On Marriage Dynamics and Fertility in Sub-Saharan Africa: Evidence from Malawi

Benson John, University of Malawi
Vissého D. Adjiwanou, University of Cape Town

The interplay between remarriage and fertility is among the most poorly documented subjects in sub-Saharan Africa, yet remarriage is one of the fundamental aspects of marriage dynamics in the region. Using principles of cohort-period demographic measurement and statistical methodologies, this research uses Malawi as a case study to assess the pattern and level of union dissolution and remarriage, and to document how the association between remarriage and fertility changes over time. Results reveals that the probability of experiencing first union dissolution within 15 years dropped from 45.9% to 40.0% between 1992 and 2015, while the likelihood of remarriage decreased from 36.1% to 27.7% during this period. On childbearing, remarried women end up with fewer children than their counterparts in intact unions, but the fertility gap is diminishing overtime. In 2015, women in intact unions had 0.33 more children on average than their remarried counterparts, a decreased from 1.48 in 2000.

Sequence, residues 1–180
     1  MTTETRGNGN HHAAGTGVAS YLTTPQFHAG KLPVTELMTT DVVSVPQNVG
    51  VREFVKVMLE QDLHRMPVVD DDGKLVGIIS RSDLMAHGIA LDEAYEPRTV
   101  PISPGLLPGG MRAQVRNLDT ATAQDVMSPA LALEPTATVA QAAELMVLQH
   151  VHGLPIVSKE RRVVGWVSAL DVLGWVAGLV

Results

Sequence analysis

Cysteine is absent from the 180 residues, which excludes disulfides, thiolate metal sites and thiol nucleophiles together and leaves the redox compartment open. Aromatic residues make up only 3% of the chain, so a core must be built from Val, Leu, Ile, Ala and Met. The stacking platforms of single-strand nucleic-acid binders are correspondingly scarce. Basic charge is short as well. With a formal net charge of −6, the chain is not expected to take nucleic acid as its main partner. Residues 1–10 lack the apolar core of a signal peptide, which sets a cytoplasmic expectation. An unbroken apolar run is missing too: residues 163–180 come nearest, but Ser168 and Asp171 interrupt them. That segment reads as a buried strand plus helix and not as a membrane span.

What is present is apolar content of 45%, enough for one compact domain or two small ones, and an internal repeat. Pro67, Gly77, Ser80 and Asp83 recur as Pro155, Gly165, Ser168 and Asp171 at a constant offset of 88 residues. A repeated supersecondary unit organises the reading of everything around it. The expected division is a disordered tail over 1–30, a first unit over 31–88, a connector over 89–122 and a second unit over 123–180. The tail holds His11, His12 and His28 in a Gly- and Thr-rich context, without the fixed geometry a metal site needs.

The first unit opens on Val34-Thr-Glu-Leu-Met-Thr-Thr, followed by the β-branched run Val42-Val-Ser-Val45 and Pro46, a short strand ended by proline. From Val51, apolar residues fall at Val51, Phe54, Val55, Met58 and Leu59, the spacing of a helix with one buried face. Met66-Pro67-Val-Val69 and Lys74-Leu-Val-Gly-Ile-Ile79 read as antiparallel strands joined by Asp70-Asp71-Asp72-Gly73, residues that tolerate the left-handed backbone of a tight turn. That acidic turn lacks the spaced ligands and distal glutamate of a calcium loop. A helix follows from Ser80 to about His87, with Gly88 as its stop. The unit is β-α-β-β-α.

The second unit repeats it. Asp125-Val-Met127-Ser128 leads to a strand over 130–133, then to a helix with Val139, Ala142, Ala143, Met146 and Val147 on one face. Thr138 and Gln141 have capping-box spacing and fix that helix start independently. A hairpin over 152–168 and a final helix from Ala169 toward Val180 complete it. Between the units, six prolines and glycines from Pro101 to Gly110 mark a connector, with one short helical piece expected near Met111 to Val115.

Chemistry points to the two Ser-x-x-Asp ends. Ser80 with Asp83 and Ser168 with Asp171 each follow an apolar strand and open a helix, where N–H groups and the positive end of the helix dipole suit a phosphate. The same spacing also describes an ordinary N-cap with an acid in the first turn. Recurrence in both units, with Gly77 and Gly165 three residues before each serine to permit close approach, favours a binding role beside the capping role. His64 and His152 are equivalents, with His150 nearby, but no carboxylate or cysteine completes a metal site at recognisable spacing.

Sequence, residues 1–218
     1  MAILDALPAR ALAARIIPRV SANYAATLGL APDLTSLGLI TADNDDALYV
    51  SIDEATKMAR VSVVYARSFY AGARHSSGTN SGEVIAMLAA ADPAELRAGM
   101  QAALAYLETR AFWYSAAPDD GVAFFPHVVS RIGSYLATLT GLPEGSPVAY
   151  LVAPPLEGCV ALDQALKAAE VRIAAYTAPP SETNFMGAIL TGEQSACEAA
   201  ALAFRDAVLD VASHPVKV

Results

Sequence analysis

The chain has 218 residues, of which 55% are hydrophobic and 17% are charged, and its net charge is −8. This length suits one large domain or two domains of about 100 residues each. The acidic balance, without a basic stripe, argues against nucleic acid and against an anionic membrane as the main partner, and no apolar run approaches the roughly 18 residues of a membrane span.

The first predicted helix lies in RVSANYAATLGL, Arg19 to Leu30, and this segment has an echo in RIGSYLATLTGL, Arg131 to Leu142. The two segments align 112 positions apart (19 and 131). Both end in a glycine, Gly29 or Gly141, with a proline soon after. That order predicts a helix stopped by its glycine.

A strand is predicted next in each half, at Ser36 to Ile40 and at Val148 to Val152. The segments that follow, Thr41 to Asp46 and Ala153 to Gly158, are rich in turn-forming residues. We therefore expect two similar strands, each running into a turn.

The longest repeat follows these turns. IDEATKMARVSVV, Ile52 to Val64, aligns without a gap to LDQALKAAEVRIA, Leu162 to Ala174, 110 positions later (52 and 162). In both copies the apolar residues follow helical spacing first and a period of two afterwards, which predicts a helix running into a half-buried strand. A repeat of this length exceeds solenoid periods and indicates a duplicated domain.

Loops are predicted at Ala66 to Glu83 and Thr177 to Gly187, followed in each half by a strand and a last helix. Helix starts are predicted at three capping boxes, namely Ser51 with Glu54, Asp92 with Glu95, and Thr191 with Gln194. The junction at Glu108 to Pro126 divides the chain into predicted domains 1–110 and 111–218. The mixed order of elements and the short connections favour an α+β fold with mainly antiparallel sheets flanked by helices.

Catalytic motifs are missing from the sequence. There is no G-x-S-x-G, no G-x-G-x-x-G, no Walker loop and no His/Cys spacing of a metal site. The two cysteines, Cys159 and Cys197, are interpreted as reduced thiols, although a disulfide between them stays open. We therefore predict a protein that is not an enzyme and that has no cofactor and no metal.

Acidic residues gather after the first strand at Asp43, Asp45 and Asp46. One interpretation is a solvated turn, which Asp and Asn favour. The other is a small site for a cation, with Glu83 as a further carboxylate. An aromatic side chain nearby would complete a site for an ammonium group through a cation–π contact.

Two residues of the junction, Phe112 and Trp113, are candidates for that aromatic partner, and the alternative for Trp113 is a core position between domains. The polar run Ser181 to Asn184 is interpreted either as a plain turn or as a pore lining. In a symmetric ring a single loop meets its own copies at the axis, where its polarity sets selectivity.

See paper.

  Presented in Session 29. SRH and Family Planning